Proposal for a Unified Regime of Copyright Exclusive Rights

(IPRinfo 5/208)

Andrew F. Christie
Davies Collison Cave Professor of Intellectual Property, Melbourne Law School; and Research Associate, Intellectual Property Research Institute of Australia, University of Melbourne

The author proposes abolishing the various categories of exclusive economic rights and replacing them with one right of ”use”.

One of the consequences for copyright law of the constant development of technology is that the catalogue of exclusive rights provided to the copyright owner has expanded significantly over time. The current Australian Copyright Act, for example, provides nine exclusive rights, whereas the Australian Copyright Act of 1905 provided only three.

The increase in the number of exclusive rights is due, overwhelmingly, to technological advances. The advent of digital technology has only exacerbated this outcome.

This paper proposes a solution to these problems: abolish the various categories of exclusive economic rights and replace them with one right, inclusively defined, of ”use”. An inclusive definition of the exclusive right is technology-neutral, would fill current gaps in protection and permit copyright law to evolve flexibly over time to accommodate future technological developments. The ”one right” model would also solve the problem of overlap of rights.

The overlap of various exclusive rights is a problem
Two observations may be made on the expansion of the categories of the exclusive rights of the copyright owner. First, it is clear that the law is constantly in ”catch up” mode with technological development. That is to say, although the law changes to accommodate technological developments, the accommodation is only ever temporary. The law is always lagging behind slightly.

Secondly, the on-going introduction of new exclusive rights gives rise to an overlap of rights. That is to say, one activity will often constitute an exercise of multiple rights. For instance, under Australian copyright law when a telecommunication service provider supplies a mobile phone ring tone for download to its customers, it exercises up to six separate rights (adaptation, reproduction, communication, authorisation, rental, performance).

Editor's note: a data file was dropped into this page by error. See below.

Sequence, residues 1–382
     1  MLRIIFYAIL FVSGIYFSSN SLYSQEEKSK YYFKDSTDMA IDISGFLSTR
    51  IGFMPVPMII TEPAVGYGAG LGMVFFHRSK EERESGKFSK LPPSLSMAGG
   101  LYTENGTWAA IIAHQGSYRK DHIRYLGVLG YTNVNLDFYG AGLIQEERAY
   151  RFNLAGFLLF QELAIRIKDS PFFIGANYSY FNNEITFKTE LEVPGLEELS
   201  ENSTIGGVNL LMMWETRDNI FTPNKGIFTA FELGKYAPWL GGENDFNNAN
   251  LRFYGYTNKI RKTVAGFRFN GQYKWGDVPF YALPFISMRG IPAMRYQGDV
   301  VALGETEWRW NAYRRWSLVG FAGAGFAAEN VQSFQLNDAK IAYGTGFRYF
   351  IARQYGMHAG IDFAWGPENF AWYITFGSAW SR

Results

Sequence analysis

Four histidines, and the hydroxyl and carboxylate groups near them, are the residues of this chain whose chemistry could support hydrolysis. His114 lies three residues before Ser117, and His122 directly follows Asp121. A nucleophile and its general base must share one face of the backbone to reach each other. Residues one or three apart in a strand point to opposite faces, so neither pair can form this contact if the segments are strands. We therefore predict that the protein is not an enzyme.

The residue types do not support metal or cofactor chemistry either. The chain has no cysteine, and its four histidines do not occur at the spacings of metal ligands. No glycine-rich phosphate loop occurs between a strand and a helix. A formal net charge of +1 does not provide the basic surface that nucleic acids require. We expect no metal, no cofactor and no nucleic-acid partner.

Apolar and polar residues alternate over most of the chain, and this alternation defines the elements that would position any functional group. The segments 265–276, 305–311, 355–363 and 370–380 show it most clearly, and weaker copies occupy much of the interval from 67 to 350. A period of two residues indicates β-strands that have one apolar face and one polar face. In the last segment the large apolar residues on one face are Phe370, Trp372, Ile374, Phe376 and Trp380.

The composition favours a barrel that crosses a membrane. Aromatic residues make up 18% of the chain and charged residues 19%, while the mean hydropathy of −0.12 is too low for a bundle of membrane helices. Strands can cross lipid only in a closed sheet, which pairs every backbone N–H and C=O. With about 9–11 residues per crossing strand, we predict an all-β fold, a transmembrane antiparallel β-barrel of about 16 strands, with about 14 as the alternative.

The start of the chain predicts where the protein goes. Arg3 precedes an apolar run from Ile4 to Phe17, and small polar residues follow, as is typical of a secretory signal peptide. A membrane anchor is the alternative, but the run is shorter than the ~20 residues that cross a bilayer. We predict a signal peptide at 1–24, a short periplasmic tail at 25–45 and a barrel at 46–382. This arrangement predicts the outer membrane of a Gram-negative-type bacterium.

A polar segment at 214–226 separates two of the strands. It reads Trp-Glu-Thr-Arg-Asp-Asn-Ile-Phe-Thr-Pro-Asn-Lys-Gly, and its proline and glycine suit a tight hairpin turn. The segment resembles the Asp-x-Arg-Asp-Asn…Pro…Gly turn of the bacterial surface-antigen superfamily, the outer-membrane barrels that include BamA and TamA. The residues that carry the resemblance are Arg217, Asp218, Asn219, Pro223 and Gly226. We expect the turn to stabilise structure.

Even though the exercise of these rights is inseparable, the supplier of the ring tone must obtain licences to each of these rights – which may mean, in some cases, six separate licences.

While both observed outcomes are problematic, the second of them – the overlap of exclusive rights – is the most significant. Where a single activity constitutes an exercise of multiple rights simultaneously, it may be inappropriate to require the user to pay multiple licence fees for what is, essentially, one ”damage” to the copyright owner.

Such compensation of the copyright owner may exceed that required to give effect to copyright’s economic rationale of preventing market failure (through providing economic incentives for authors and preventing free-riding). A possible consequence of overlap is a ”copyright thicket”, with a resultant increase in transaction costs (inherent in the need to apply for multiple licences) and the potential for licence-stacking.

One right system less radical than other IP regimes
A solution to these problems could be to abolish the various categories of exclusive economic rights and replace them with one right, inclusively defined, of ”use”. An inclusive definition of the exclusive right is technology-neutral.

It would fill any gaps in protection that might exist currently, as well as permit copyright law to evolve flexibly over time to accommodate future technological developments. And, self-evidently, the ”one right” model would also solve the problem of overlap of rights.